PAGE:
No Texting While Driving sign with a crossed out phone in hand.Actions that create distractions:

  • Texting
  • Using a cellphone or smart phone
  • Eating and drinking
  • Talking to passengers
  • Grooming
  • Reading, including maps
  • Using a navigation system
  • Watching a video
  • Adjusting a radio, CD or MP3 player

There are three main types of distractions when driving:

  1. Manual – taking hands off the wheel
  2. Cognitive -taking your mind off the task of driving
  3. Visual – taking your eyes off the road

Cell phone use, specifically texting, uses all three types of distractions listed above at the same time. It is the reason why 41 states have placed limits or complete bans on such activity while driving a motor vehicle.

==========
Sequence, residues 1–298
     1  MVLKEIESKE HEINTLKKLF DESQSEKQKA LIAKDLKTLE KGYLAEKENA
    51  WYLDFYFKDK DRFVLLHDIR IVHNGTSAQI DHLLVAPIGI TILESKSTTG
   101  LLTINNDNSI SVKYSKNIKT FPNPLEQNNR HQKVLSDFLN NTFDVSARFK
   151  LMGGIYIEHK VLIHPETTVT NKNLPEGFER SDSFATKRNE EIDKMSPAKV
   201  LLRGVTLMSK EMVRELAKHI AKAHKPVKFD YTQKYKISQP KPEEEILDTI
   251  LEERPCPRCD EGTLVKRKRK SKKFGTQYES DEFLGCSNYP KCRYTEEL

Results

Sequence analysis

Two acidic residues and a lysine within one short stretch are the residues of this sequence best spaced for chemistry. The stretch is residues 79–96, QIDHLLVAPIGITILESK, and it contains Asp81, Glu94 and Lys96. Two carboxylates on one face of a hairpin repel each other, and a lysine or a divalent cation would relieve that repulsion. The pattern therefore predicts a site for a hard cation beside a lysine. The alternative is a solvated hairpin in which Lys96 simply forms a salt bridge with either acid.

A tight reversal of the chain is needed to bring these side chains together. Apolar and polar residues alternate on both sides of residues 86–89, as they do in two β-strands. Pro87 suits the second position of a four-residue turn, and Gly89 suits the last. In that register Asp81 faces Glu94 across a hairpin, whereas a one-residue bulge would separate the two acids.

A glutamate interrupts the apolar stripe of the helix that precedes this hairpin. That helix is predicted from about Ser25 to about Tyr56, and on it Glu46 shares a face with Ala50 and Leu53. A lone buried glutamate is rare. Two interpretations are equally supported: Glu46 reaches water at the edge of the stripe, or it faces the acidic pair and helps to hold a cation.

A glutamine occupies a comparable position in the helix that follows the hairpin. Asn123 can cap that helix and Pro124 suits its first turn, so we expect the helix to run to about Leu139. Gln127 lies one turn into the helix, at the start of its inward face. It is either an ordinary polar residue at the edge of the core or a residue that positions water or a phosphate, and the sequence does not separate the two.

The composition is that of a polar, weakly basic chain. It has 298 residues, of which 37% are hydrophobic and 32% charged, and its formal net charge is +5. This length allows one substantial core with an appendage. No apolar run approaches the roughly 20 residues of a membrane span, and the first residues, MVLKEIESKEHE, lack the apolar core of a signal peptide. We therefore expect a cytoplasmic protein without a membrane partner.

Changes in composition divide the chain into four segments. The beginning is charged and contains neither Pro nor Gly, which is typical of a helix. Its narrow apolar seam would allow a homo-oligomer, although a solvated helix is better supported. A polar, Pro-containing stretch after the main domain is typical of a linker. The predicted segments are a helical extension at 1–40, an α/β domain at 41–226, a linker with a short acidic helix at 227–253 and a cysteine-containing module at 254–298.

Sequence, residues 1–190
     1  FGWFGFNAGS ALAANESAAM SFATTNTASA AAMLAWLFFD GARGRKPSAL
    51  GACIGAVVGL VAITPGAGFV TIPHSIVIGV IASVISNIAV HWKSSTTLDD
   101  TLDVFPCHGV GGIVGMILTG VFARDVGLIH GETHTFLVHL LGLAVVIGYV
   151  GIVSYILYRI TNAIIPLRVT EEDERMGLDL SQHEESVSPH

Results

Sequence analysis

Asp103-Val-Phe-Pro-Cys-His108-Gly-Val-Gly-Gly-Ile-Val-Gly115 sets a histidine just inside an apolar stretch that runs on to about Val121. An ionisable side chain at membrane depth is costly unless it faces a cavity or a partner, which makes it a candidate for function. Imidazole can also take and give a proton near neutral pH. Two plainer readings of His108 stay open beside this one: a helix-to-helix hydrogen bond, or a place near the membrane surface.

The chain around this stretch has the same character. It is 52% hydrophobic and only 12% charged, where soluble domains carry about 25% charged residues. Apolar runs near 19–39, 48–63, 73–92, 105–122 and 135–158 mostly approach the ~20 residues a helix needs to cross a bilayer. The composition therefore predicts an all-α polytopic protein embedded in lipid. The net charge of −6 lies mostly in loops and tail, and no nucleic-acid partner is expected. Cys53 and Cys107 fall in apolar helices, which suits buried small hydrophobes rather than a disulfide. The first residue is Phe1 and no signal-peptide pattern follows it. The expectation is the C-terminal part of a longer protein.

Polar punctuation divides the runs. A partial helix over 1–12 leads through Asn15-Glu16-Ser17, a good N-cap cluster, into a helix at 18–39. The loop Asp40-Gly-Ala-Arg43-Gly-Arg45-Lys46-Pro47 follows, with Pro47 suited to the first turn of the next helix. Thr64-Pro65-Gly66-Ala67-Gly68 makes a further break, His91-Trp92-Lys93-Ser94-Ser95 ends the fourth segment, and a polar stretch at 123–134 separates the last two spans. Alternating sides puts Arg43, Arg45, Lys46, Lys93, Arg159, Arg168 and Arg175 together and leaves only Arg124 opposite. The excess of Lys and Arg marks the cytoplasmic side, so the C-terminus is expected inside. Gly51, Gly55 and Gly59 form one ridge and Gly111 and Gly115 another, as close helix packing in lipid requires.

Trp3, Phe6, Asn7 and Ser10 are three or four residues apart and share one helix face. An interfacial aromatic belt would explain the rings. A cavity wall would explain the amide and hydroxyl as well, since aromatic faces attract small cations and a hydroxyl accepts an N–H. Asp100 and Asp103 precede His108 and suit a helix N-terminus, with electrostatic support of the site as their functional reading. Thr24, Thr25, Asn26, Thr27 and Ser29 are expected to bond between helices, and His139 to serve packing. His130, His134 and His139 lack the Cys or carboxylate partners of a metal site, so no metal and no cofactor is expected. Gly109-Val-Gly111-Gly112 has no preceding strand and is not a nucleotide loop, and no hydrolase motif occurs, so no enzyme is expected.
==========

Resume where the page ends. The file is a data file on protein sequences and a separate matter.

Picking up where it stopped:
Minnesota’s Distracted Law

  1. Bus drivers are banned from all cellphone use (handheld and hands-free)
  2. Novice drivers are also banned from all cellphone use.
  3. All drivers are banned from texting

Facts about Cellphone Use:

  • In 2011, 23% of auto collisions involved cell phones
  • In controlled studies, those who text and drive spent 10% of their driving time outside their driving lane
  • Another controlled study showed that most drivers took their eyes off the road for 3 to 5 seconds while texting, (Traveling at 55 mph) The equivalent to the length of a football field.

 Among Teens Surveyed:

  • 77% of young adults are confident or somewhat confident that they can safely text and drive
  • 55% say it is easy to text and drive and 34% admit to texting while driving
  • 52% admit to talking on the phone while driving

Double Standard

  • 48% of young drivers have seen their parents on the phone while driving
  • 15% have seen their parents’ text and drive
  • 27% of adults admit they have sent or read text messages while driving
  • While you are driving approximately 1 in 5 drivers around you are reading or writing a text message!